Sometimes a picture doesn’t tell the whole story, as is the case with Thursday’s Mercury News front page photo of a burned out Cupertino home as an example of “blight” in Silicon Valley.
The photo is misleading because it doesn’t show the green fence that surrounds the scarred structure and blocks some of the view from the street.
What Scott Herhold left out of his column, “Herhold poll: What’s your top ‘Rotten Tooth’ vote”—a vote for the worst blight in the area—was that the family who lived at 873 would like nothing more than to have the charred ruins stripped from the lot, as well as their memories.
The Moores, a family of six—four children and two parents—have had to wade through mountains of insurance paperwork, city paperwork timelines and such before demolition could start.
Herhold wrote in his column, “The assessor's office shows that the property is owned by a doctor in Albuquerque, N.M. I left a message for him at his office but got no response by deadline.”
That doctor he tried to reach is Kevin Moore’s father who actually owns the property and is on his way to the area to meet with a contractor Friday, according to Lydia Moore.
Herhold wrote, “Understandably, there are reasons why property owners may not be able to clear a lot immediately. They may have a dispute with their insurance company or insufficient cash for the demolition.”
This is the case with the Rose Blossom home that Herhold included at the top of his list and identified as being in an “upscale” neighborhood in Cupertino. By comparison, this neighborhood is modest for the community.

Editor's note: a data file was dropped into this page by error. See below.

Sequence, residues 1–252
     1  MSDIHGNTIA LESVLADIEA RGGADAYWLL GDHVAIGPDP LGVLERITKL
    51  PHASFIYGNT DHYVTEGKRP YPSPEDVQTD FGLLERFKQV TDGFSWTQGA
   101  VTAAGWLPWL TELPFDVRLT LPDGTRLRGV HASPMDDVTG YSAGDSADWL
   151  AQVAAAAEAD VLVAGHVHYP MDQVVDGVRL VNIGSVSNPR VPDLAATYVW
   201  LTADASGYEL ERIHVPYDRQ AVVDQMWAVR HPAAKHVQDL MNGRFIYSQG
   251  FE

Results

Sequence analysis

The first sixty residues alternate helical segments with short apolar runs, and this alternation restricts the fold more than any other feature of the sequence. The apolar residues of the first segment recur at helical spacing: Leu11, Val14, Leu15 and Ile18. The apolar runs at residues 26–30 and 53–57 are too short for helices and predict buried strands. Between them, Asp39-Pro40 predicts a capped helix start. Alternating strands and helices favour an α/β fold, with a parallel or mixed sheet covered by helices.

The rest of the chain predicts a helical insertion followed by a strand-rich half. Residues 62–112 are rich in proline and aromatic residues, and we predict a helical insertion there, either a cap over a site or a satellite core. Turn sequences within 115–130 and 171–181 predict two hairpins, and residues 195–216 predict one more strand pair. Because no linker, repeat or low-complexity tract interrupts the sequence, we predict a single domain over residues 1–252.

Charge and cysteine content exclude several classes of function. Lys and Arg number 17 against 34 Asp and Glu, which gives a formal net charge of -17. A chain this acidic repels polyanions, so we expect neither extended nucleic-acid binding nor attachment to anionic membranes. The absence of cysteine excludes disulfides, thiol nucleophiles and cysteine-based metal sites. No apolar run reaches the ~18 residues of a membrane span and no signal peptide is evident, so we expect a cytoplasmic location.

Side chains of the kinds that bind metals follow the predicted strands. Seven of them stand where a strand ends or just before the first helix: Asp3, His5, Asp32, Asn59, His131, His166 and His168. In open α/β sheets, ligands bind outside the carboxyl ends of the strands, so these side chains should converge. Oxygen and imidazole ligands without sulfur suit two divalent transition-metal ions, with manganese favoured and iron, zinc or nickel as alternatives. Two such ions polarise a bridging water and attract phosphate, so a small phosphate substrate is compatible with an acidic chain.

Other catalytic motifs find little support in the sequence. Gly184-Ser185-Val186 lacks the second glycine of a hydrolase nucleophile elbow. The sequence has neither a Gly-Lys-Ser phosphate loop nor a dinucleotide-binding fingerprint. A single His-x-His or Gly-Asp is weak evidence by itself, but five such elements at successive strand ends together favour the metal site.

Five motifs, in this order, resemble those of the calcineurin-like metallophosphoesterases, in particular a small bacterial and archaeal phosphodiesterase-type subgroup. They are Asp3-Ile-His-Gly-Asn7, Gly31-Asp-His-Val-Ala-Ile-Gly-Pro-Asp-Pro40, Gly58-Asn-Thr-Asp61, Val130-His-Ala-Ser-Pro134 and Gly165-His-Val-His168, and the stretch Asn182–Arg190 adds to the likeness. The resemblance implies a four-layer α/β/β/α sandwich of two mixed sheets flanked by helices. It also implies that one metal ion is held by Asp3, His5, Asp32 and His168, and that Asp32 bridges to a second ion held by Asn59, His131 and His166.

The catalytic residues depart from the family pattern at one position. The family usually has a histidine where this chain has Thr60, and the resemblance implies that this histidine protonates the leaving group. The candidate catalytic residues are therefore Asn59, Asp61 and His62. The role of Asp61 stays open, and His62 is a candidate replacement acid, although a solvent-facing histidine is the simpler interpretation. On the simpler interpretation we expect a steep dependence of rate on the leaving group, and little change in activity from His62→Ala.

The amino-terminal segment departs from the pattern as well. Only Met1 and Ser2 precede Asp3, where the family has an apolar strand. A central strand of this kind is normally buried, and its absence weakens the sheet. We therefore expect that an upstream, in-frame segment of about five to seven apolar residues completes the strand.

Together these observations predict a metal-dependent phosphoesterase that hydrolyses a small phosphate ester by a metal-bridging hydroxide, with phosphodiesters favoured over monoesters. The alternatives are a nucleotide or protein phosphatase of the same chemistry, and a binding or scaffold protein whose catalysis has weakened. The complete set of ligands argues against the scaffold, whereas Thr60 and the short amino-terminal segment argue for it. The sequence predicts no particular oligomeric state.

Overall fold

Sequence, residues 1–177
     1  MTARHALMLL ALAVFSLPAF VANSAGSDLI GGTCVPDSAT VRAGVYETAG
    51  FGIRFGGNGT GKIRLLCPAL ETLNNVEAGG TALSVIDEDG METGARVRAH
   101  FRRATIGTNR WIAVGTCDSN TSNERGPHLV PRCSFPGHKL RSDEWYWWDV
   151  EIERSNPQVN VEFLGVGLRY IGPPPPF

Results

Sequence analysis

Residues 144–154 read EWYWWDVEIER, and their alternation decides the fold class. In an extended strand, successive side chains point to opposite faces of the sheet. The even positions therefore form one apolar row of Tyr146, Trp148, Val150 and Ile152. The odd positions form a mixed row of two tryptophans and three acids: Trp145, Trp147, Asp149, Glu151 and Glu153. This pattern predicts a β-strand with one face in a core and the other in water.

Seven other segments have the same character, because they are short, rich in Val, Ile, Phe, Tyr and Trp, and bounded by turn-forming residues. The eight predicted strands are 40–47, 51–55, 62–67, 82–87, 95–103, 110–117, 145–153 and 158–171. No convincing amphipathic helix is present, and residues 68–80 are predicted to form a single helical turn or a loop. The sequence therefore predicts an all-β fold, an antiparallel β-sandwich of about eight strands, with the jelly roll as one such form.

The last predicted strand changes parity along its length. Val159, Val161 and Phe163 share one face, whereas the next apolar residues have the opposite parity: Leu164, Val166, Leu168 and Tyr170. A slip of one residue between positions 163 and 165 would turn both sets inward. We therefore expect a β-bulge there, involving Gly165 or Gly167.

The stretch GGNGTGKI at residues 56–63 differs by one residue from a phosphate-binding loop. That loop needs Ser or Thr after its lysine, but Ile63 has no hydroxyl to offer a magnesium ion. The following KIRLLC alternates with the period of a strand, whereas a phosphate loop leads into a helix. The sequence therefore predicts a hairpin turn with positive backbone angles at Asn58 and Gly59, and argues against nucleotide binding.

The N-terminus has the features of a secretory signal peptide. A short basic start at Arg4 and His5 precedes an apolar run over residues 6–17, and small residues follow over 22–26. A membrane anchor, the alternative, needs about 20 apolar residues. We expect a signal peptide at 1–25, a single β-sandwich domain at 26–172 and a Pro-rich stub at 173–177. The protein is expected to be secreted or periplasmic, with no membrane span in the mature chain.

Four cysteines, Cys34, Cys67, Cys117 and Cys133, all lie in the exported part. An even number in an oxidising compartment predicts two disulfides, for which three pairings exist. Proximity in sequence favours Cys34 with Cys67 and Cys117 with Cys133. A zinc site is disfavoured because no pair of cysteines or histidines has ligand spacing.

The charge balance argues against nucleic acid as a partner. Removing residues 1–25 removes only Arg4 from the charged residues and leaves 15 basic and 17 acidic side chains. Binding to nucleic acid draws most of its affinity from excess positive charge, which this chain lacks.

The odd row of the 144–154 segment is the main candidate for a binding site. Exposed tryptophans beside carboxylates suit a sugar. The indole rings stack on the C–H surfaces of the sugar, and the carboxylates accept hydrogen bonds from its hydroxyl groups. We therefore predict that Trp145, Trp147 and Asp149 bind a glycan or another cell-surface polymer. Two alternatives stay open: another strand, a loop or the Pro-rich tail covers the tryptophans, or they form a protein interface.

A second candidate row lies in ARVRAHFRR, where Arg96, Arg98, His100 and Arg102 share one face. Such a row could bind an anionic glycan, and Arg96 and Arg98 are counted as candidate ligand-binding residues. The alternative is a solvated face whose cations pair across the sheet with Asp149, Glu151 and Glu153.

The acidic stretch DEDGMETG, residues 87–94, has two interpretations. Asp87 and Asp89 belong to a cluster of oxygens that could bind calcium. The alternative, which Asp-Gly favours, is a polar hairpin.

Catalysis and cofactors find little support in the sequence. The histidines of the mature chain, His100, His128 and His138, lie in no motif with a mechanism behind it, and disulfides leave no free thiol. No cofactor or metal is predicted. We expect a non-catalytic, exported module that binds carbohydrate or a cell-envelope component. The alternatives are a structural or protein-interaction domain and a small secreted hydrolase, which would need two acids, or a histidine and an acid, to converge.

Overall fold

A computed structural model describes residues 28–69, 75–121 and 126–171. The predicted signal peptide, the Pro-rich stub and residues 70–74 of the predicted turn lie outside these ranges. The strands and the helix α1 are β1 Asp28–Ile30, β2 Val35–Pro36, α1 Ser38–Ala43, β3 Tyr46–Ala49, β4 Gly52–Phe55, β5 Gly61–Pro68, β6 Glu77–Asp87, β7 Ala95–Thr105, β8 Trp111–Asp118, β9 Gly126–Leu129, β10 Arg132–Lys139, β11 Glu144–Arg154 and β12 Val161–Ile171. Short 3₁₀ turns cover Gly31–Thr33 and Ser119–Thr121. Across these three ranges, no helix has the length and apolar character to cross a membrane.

The Moores had hoped to be back in their home by spring but there were complications with the insurance and a reliable contractor; things that were out of their control.
The while Lydia walked her children to school in the morning. By the time she turned around and headed home smoke was rising in the distance and she had no idea it was her home in flames.
They lost all their personal belongings in that fire and the community rallied around them, but that doesn’t rally away the pain that’s left behind in their hearts.
"After the fire, many caring, generous people in the community donated clothes, toys, and money to get them on their feet again after the fire," wrote Julie Johnson in an email to Patch and Scott Herhold.
The family was, and is, grateful for the outpouring of donations and love. But it also weighs heavy on them because they no longer have their own personal things such as family photos, a favorite sweater, or the baby shoes worn their first born.
As Lydia once said to Patch, “We’re with .”
It’s been a long, tough 16 months for the family, but they keep up their spirits.
It’s a shame Herhold didn’t try a little harder to find out more about the situation of the Moore’s and their home on Rose Blossom Drive before he put it up for a vote. This is not a case of neglect and indifference and this editor thinks Herhold owes the Moores an apology.
"This contest is yet another rotten thing to happen to this family" Johnson wrote.